The Faculty Art Exhibition located in Southeastern’s Contemporary Art Gallery showcases the art of more than 12 Southeastern professors with the hopes of giving students a new perspective on their professors.
The Faculty Art Exhibition began on Jan. 19 and lasts until Feb. 10. Curation for the exhibition began about a week before the Spring semester started, said Savannah Perrin, a gallery staff member and Senior at Southeastern studying graphic design. “It typically takes us about two weeks to hang everything and get the exhibition set up properly. It really depends on the size of the actual exhibition. The gallery staff members hang all the artwork unless it’s a student-oriented show. In the case of any other exhibition we hang the artwork.”
In the case of the Faculty Exhibition, faculty members first brought in their pieces by a set due date, then the layout of the gallery was planned by Dale Newkirk, the Gallery Director. Once the layout is planned, gallery staff gets to work on setting up pieces in their appropriate places.
The Faculty Exhibition hosts works of art from many different types of media. “We pretty much have every form of traditional media represented. From very traditional art, to new media animation, digital pieces, sound and audio, ceramics, painting, graphic design layout, some environmental art, and photography of course. It really spans the whole gambit,” said Benjamin Diller, instructor of drawing at Southeastern.
Diller submitted seven different pieces to the faculty exhibition this semester. “I focus on work that isn’t maybe considered quote ‘finished product’ but a lot of process, such as a sketch book of working drawings and little maquettes that lead to further development; and I do this so students can see how things are begun and not just see the finished, polished piece.”
Diller’s work features mixed media art using materials like acrylic paint, ink, metal, and wood. “A lot of it has to do with observation in landscape, architecture and nature, and how they interact. I also submitted a sketch book full of sketches, more of a traditional style. I combine that with photography and often times I’ll use a template to replicate onto panels of wood that I cut out, or I’ll just go directly onto a canvas or a piece of paper that’s larger.”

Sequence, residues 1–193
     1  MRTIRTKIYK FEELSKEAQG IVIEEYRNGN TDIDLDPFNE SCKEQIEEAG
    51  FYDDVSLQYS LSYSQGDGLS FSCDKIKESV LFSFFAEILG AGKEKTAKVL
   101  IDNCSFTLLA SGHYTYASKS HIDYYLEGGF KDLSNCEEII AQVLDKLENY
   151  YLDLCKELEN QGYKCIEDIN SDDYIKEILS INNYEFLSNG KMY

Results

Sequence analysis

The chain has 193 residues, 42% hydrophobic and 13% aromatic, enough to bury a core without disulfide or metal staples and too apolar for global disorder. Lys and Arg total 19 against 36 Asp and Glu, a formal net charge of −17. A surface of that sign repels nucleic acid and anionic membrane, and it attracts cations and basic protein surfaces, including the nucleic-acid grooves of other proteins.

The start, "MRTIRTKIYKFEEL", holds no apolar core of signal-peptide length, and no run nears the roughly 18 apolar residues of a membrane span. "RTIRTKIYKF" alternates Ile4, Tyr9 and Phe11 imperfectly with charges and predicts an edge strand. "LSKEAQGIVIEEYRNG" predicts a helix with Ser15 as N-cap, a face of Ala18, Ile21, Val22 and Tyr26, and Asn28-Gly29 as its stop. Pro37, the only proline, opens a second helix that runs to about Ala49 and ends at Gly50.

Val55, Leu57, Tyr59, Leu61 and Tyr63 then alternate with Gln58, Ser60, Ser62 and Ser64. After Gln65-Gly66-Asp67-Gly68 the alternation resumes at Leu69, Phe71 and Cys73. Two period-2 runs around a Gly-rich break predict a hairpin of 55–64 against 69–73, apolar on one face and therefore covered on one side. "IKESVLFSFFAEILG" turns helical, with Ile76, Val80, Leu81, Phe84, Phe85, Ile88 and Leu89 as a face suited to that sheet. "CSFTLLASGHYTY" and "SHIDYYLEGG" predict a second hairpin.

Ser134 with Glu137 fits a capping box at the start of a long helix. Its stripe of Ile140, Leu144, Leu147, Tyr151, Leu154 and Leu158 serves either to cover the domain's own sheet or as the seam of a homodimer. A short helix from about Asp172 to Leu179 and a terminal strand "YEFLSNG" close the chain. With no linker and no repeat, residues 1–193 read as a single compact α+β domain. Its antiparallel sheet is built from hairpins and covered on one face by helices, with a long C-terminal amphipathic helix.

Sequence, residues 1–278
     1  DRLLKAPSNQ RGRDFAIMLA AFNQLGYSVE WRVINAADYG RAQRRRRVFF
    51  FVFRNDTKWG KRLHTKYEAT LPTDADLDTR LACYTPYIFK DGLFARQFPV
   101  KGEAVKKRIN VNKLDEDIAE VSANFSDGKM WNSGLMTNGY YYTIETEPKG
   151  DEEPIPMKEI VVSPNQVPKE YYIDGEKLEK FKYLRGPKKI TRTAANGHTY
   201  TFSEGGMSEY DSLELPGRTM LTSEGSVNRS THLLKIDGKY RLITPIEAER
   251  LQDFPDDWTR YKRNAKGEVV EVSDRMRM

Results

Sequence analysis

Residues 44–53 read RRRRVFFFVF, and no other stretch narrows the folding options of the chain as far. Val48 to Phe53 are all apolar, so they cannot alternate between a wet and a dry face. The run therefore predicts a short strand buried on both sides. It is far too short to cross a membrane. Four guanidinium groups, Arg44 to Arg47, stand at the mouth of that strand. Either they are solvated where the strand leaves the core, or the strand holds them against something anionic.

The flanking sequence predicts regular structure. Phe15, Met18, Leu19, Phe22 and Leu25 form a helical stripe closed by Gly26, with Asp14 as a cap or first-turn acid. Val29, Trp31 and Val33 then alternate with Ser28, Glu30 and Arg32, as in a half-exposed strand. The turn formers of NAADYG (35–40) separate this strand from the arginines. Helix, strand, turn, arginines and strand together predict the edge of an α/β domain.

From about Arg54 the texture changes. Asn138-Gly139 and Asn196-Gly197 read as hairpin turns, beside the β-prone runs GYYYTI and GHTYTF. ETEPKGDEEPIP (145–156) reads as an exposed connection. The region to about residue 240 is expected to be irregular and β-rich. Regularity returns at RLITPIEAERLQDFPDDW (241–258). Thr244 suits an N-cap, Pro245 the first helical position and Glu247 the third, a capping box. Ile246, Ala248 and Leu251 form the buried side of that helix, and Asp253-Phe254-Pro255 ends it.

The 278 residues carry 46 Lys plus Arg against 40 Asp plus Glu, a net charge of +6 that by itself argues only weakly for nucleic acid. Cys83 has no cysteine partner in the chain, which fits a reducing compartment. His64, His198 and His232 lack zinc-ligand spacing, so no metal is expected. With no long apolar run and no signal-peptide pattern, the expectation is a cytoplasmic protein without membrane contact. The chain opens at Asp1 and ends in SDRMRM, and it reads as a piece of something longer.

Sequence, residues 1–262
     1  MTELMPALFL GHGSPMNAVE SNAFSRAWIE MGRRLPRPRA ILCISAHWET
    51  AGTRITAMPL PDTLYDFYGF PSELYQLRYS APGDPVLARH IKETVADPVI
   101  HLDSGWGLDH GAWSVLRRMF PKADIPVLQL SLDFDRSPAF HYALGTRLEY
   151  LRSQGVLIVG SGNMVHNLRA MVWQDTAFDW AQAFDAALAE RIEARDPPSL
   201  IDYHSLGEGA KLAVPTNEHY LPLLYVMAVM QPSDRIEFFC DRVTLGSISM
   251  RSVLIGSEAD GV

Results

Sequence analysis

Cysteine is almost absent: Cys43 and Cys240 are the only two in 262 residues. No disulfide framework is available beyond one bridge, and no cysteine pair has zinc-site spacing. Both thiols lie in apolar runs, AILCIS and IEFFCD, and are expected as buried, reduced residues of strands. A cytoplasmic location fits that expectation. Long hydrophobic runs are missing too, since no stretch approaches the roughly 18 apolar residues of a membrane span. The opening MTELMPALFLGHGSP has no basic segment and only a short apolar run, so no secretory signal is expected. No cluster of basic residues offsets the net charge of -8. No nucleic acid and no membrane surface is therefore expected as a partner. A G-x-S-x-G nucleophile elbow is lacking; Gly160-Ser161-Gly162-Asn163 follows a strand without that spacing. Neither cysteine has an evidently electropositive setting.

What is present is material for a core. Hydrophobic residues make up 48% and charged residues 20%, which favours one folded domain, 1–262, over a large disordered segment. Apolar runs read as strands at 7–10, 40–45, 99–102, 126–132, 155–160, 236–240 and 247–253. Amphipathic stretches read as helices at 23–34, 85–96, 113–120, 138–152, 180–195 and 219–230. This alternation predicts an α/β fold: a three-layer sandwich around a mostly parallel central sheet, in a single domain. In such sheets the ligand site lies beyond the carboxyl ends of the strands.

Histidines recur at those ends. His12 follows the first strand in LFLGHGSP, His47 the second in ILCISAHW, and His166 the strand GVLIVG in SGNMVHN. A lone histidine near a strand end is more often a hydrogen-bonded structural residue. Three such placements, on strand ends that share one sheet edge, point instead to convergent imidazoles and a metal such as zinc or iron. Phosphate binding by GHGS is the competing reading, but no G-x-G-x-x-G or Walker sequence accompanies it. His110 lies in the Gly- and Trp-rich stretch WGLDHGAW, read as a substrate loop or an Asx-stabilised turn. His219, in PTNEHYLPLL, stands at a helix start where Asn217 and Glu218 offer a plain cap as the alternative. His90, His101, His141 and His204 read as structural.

The Faculty Art Exhibit also features interactive and involved works of art. Jeff Mickey, professor of sculpture at Southeastern, submitted one such piece. “The piece I submitted is sort of cutting some new ground, offering a viewer participative piece that was exploring new ideas. With some of the things that I’ve been thinking about in the studio, I wanted to get it out and bring it to a gallery situation to sort of look and at it and see it, not in its home state.”
Mickey said some technical issues regarding the piece actually ended up giving him a new perspective on his own work. “The piece is actually about controlling nature, and the functionality of that piece is sort of problematic. I really like that idea that controlling nature is difficult, if not an impossible prospect for us and for that then making the piece not function the way it should has a connection. That just kind of clicked whenever I installed it.”
Mickey said, “I think that’s an important part of being an artist. When something is working in a way that’s not really your intention, being able to choose that and accept that as part of your work, that’s an important step in being a mature artist.”
The Faculty Art Exhibition isn’t just an opportunity for professors to showcase their work to their students. It’s also an opportunity for students to better understand their professors and view them from a different perspective. “Students can critique their professors work and hopefully help them grow a little bit more as artists. The exhibition also has different panels which helps even more so that students can see and hear even more, and hopefully inspire some of the students to branch out into different forms of art,” said Perrin.
Fellow gallery staff member and student at Southeastern, Alex Bond, said, “I also think it’s helpful in the fact that I think a lot of students sometimes forget that their professors are artists and are making their own work outside of the classroom. They’re all professional artists so it’s a helpful perspective for students to see their professor’s artwork this way.”